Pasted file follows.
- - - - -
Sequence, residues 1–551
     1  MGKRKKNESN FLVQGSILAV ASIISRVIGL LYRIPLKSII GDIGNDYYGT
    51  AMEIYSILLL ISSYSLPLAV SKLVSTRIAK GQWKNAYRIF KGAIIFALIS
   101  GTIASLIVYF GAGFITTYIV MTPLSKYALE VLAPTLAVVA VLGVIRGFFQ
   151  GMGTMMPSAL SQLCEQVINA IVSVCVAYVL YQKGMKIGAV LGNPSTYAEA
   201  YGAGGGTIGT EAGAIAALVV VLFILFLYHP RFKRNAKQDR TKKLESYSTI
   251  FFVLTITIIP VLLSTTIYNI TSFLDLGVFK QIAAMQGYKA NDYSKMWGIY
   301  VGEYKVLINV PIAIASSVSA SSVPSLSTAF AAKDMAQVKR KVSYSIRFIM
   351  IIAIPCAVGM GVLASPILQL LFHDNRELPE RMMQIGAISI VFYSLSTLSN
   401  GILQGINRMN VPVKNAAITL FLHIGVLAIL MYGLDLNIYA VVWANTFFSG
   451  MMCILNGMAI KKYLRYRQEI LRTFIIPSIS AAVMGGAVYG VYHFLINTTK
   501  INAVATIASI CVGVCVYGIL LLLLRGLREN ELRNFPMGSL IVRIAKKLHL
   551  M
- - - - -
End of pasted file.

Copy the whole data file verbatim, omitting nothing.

Sequence, residues 1–551
     1  MGKRKKNESN FLVQGSILAV ASIISRVIGL LYRIPLKSII GDIGNDYYGT
    51  AMEIYSILLL ISSYSLPLAV SKLVSTRIAK GQWKNAYRIF KGAIIFALIS
   101  GTIASLIVYF GAGFITTYIV MTPLSKYALE VLAPTLAVVA VLGVIRGFFQ
   151  GMGTMMPSAL SQLCEQVINA IVSVCVAYVL YQKGMKIGAV LGNPSTYAEA
   201  YGAGGGTIGT EAGAIAALVV VLFILFLYHP RFKRNAKQDR TKKLESYSTI
   251  FFVLTITIIP VLLSTTIYNI TSFLDLGVFK QIAAMQGYKA NDYSKMWGIY
   301  VGEYKVLINV PIAIASSVSA SSVPSLSTAF AAKDMAQVKR KVSYSIRFIM
   351  IIAIPCAVGM GVLASPILQL LFHDNRELPE RMMQIGAISI VFYSLSTLSN
   401  GILQGINRMN VPVKNAAITL FLHIGVLAIL MYGLDLNIYA VVWANTFFSG
   451  MMCILNGMAI KKYLRYRQEI LRTFIIPSIS AAVMGGAVYG VYHFLINTTK
   501  INAVATIASI CVGVCVYGIL LLLLRGLREN ELRNFPMGSL IVRIAKKLHL
   551  M